The girl who cried champagne
The photograph above, taken by Caterina di Perri, comes from the insert to Carla Bley’s new album, Trios, the latest instalment of her collaboration with the bass guitarist Steve Swallow and the saxophonist Andy Sheppard. It’s the pianist/composer’s first album for ECM — and, she says, the first in which she has submitted herself to the demands of a producer (Manfred Eicher, the label’s founder) other than herself.
I’d started listening to the album when, while doing a bit of research into another subject entirely, I found an early mention of her in an issue of Down Beat dated September 5, 1965, from a review of a concert in the garden of New York’s Museum of Modern Art by the Jazz Composers Orchestra and the New York Art Quartet. The magazine’s reviewer was evidently having trouble with what was then known as “the new thing”, with only Ms Bley’s appearance to give him relief from what he clearly found to be an ordeal. Here’s what he wrote:
The evening did have three points of interest, all visual. The first was scored before a note was blown, when (John) Tchicai appeared, conventionally garbed, but with his face decorated with warpaint and what looked like chickenbones stuck into his cheeks. The second was (Milford) Graves, continually assaulting his drums and kicking at his cymbals in a manner that had, so far as I could tell, nothing to do with anything else that was going on. The third, and greatest, was Mrs Bley at the piano in the second half, one of the most authentically ravishing women you ever clapped eyes on, with nothing lacking of slim grace and brooding intensity to complete the picture of musical genius as only a Hollywood director would have the nerve to present it — a vision that, while it lasted, almost compensated for the regrettable noises that went with it.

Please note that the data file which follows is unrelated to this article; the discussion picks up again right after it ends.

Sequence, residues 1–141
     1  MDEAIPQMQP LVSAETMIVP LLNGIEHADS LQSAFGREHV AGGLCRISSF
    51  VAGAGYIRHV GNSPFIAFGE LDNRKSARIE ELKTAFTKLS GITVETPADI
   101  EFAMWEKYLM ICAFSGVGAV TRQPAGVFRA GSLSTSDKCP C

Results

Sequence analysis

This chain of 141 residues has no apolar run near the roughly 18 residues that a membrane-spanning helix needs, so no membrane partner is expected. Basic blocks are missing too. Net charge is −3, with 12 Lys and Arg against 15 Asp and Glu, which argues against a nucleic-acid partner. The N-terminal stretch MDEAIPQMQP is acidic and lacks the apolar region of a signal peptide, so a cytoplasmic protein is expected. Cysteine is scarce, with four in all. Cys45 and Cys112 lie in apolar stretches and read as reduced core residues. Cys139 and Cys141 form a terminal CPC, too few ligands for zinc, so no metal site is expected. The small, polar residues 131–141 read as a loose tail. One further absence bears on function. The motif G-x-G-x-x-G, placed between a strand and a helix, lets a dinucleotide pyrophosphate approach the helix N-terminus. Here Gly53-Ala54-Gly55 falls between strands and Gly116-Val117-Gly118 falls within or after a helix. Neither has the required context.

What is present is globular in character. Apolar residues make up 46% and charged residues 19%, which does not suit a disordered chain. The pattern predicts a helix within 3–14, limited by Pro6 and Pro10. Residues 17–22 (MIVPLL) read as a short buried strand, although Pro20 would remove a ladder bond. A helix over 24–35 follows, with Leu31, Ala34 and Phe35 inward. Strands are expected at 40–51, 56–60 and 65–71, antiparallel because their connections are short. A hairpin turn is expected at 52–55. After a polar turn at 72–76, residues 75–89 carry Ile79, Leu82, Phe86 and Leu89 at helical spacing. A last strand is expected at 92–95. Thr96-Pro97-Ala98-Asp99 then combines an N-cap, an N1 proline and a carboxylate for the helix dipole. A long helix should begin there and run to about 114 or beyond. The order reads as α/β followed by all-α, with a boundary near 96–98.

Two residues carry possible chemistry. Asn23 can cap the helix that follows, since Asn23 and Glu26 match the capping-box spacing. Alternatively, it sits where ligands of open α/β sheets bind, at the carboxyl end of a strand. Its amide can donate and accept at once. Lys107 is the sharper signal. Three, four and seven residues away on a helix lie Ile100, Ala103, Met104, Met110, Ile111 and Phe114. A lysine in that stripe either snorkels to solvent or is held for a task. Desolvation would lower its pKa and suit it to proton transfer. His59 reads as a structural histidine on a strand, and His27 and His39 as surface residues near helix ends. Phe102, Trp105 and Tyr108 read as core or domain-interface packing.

I’m not going to name the critic in question. History has a way of making fools of all of us from time to time.
Anyway, Trios is an exceptional recording, in which she and her collaborators revisit some familiar themes — including the ever-entrancing “Vashkar”, first recorded in a standard piano trio format by her then-husband, Paul Bley, for the Savoy label 50 years ago this month. “Les Trois Lagons (d’apres Henri Matisse)”, “Wildlife” and “The Girl Who Cried Champagne” will all be familiar to her fans in various other versions; the opener, “Utviklingssang”, has previously been recorded by a nonet, a duo (Ms Bley and Swallow) and an octet, but I’d be surprised if this is not the definitive treatment of a gorgeous hymn-like tune.
For me, the surprise of the album was the way it converted my hitherto rather guarded admiration for Sheppard’s playing to a much warmer response, and made me drop my normal resistance to Swallow’s work on bass guitar. I’m afraid I could never understand why the man who was so articulate on the double bass on those classic George Russell Sextet albums from the early ’60s (and on the Paul Bley session that produced the original “Vashkar”) would want to devote himself full-time to an instrument far less appropriate to jazz. In this exposed setting, however, he plays with a guitar-like fluency and lyricism, the lack of the acoustic instrument’s tonal flexibility never hampering his contribution in the way it has — possibly to my ears alone — in the past.
And “The Girl Who Cried Champagne”? That’s a private joke between Bley and Swallow, who are long-time partners. It’s her.